Just a few weeks ago, the Tampa Bay Buccaneers put the finishing touches on an incredible team win against the Green Bay Packers at historic Lambeau Field. The energy on the field was palpable, as the team received the George Halas trophy for their highly impressive accomplishment.
Likewise, the Kansas City Chiefs were in firm control of the AFC championship game against the Buffalo Bills. The connection between Chiefs QB Patrick Mahomes and TE Travis Kelce was as locked in as ever, and the team accepted the Lamar Hunt trophy for winning the conference.
With excitement building to a fever pitch as the NFC champions and AFC champions get set to meet in the Super Bowl…a two week break in the action sets in to let the moment soak in and marinate before the heavyweights clash. Although every NFL team gets a bye week during the regular season and has a stretch where there is two weeks in between games, this pause is much different than some time off in Week 7. Coaches and players who have been through the exciting, hectic, but memorable period have different feelings on how to best utilize the down time.
Former New York Giants offensive coordinator Kevin Gilbride was a part of two successful Super Bowl runs in recent history, as they defeated the New England Patriots twice in their most recent big game appearances. Even though the staff prepared diligently leading up to the game, Gilbride mentioned that time definitely flies even though there is an extra week to get ready.
“Inevitably, it seems like time goes away that second week. You don’t nearly watch the film you thought you were going to. I was always shocked and disappointed,” the coordinator remarked. Via Forbes
Despite the swift pace with which everything happens, many people involved in the Super Bowl think two weeks is the perfect rest bit to dot all the I’s and cross all the T’s before the biggest moment of their lives. But throughout NFL history, the final game hasn’t always been played with such a lengthy stoppage. Many times, the Super Bowl was played the week right after the conference championship games, but starting with the 2004 Super Bowl, the NFL decided to make the two week hiatus permanent.
Legendary Miami Dolphins coach Don Shula coached in a total of six Super Bowls, some of which were played the following week after the conference championship, and some which had the now customary lead in period. Shula was a fan of the latter setup.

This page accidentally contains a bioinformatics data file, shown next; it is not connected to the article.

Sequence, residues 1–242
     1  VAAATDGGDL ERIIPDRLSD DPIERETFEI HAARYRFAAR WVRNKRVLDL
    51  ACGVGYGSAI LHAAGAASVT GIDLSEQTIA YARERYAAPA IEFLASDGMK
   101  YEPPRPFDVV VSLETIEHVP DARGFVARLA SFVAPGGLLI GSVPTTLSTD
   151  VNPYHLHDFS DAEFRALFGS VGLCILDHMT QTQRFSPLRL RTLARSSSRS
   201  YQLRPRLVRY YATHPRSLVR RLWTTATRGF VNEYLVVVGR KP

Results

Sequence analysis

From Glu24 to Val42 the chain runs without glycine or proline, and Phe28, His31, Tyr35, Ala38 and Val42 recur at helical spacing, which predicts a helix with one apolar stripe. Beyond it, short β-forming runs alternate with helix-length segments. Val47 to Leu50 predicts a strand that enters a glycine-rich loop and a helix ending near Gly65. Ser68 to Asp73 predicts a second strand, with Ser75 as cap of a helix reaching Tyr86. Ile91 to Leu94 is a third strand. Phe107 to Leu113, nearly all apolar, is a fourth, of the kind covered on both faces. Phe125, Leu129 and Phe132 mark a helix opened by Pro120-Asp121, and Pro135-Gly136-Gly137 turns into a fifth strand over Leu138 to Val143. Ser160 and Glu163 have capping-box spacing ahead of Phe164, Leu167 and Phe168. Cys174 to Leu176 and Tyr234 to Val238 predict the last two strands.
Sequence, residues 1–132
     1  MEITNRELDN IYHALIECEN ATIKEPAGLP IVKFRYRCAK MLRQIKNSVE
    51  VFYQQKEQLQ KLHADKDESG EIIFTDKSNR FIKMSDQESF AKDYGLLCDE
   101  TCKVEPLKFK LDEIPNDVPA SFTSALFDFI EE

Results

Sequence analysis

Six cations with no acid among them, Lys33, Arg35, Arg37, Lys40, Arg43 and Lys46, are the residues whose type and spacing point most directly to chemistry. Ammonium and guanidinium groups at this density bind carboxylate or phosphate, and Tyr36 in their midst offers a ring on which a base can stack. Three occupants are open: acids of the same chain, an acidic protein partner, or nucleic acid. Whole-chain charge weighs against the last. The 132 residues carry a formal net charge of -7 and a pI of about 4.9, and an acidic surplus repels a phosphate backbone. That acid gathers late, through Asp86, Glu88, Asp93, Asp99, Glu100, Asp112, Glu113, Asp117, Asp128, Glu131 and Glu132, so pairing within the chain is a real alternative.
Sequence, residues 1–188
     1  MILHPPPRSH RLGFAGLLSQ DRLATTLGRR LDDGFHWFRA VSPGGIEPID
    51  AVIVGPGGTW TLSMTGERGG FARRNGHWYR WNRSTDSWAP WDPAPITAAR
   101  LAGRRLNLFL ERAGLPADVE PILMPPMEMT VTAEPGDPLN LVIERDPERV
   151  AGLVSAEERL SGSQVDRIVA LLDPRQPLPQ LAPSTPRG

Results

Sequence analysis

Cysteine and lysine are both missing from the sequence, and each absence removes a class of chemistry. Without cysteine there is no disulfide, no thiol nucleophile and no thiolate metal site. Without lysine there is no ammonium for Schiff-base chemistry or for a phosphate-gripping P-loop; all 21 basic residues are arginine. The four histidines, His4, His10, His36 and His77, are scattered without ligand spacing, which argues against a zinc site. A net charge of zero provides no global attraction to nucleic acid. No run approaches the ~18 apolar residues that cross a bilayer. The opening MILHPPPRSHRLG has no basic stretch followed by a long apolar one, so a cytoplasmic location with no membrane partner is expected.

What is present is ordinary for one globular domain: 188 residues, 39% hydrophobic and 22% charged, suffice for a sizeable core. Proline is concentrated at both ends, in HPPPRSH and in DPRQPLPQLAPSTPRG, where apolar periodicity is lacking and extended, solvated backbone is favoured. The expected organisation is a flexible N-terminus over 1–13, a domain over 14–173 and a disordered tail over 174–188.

“This is the Super Bowl,” he emphasized. And a game of that magnitude, you want to have the most time to prepare. And if you have players slightly injured, and they get a chance to recover and get into the game, that’s a big difference. I’ve coached in six of them, done it both ways. And I much prefer two weeks to one week.” Via Newstimes.com
From a player’s point of view, many try to soak in the pageantry of sports’ biggest event, but also try not to get too high or too low to throw off their focus. It can be very easy to get caught up in a media fabricated storyline and not pay attention to the task at hand, so structure and leadership can be two of the most important aspects of the build up.
Philadelphia Eagles center Jason Kelce was fortunate enough to be a part of the victorious group that prevailed in Super Bowl LII, and took away many memorable experiences. He and his teammates were able to lock in on the task at hand, which allowed them to be successful during the game.
“So the biggest thing that teams do wrong is that guys get really fired up and the emotion is so high that you lose track of the basic fundamentals,” Kelce believes. “It’s hard, Super Bowl week, with all the media and there’s one thing after one thing after one thing and really you’ve got to try and block as much of that out as you can.” Via SkySports
Both the Kansas City Chiefs and Tampa Bay Buccaneers have players who have played in the big game before, and are probably two of the most well equipped teams to handle the break, even in what has been a very unique NFL campaign.